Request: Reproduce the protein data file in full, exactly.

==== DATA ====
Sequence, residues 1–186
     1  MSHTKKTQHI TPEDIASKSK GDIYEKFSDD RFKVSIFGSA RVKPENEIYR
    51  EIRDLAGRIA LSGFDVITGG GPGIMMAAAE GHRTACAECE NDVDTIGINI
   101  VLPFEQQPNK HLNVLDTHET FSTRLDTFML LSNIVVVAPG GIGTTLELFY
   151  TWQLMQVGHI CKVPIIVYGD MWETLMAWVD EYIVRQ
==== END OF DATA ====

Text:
Sequence, residues 1–186
     1  MSHTKKTQHI TPEDIASKSK GDIYEKFSDD RFKVSIFGSA RVKPENEIYR
    51  EIRDLAGRIA LSGFDVITGG GPGIMMAAAE GHRTACAECE NDVDTIGINI
   101  VLPFEQQPNK HLNVLDTHET FSTRLDTFML LSNIVVVAPG GIGTTLELFY
   151  TWQLMQVGHI CKVPIIVYGD MWETLMAWVD EYIVRQ